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BUSINESS-LEVEL STRATEGIES AND INDUSTRY ENVIRONMENTS. BUSINESS 189 (chpt. 6) SPRING 2007 DR. MARK FRUIN. NIKE’S WINNING WAYS. TRADITIONALLY A LEADER IN TRACK AND BASKETBALL SHOES TO TAKE ADVANTAGE OF COMPETENCIES IN DESIGN AND MARKETING, NIKE ENTERS NEW MARKET SEGMENTS CONVERSE

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BUSINESS-LEVEL STRATEGIES AND INDUSTRY ENVIRONMENTS


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    1. BUSINESS-LEVEL STRATEGIES AND INDUSTRY ENVIRONMENTS BUSINESS 189 (chpt. 6) SPRING 2007 DR. MARK FRUIN

    2. NIKE’S WINNING WAYS • TRADITIONALLY A LEADER IN TRACK AND BASKETBALL SHOES • TO TAKE ADVANTAGE OF COMPETENCIES IN DESIGN AND MARKETING, NIKE ENTERS NEW MARKET SEGMENTS • CONVERSE • HURLEY INTERNATIONAL • COLE HAAN • THE RESULT: SOARING ROIC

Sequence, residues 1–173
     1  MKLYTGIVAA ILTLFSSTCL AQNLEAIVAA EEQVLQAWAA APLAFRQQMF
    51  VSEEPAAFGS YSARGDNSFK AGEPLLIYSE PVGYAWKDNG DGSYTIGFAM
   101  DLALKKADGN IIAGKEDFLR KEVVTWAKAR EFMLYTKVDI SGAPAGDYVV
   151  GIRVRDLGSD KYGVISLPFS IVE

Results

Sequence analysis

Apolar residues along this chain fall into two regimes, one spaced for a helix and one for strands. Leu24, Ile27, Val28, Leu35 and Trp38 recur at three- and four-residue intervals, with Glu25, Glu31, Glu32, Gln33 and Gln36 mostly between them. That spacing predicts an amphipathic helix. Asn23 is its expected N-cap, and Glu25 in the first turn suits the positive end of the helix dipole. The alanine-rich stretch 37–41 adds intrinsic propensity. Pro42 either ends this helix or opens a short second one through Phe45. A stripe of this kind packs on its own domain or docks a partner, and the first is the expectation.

3. HOW TO LEAD IN EVOLVING INDUSTRIES • INDUSTRIES ARE COMPOSED OF SEGMENTS • SEGMENTS ARE DEFINED AS? • UNDERSTAND WHAT’S GOING ON IN THE INDUSTRY AND TARGET PRODUCT/ MARKET SEGMENTS ACCORDINGLY

    4. SUSTAINING COMP ADVANT IN DIFF INDUSTRY ENVIRONMENTS • RECOGNIZE DIFFERENT INDUSTRY ENVIRONMENTS • FRAGMENTED INDUSTRIES VERSUS • EMBRYONIC • GROWTH (EMERGING & SHAKEOUT) • MATURE • DECLINING

    5. FRAGMENTED IND IS NEW • A LARGE NUMBER OF SMALL AND MED-SIZED COMPANIES • LOW BARRIERS TO ENTRY • HARD TO REALIZE ECONOMIES OF SCALE & SCOPE • BETWEEN GENERIC STRATEGIES, WHICH ONE APPLIES???

    6. OVERCOMING FRAGMENTATION • CHAINING STRATEGY (WAL-MART) • FRANCHISING (CENTURY 21, McD) • HORIZONTAL MERGER (BUDWEISER) • CONSOLIDATE W/ NEW TECH • AMAZON, eBAY, GOOGLE (?) • HIGH LEVELS OF PERSONAL/PROFESSIONAL SERVICE • HIGH END HEALTH CLUBS, LAW FIRMS

    7. EMBRYONIC/EMERGING/GROWTHINDUSTRIES • EMBRYONIC INDUSTRY IS WHEN TECHNOLOGY BEGINNING TO DEVELOP • TECH INNOVATION DRIVES INDUSTRY • WHICH INDUSTRIES EMBRYONIC TODAY? • EMERGING/GROWTH IND WHEN MARKET DEMAND BEGINS TO GROW RAPIDLY • MARKET DEMAND DRIVES INDUSTRY • OBVIOUSLY DEMAND GROWTH TAKES TIME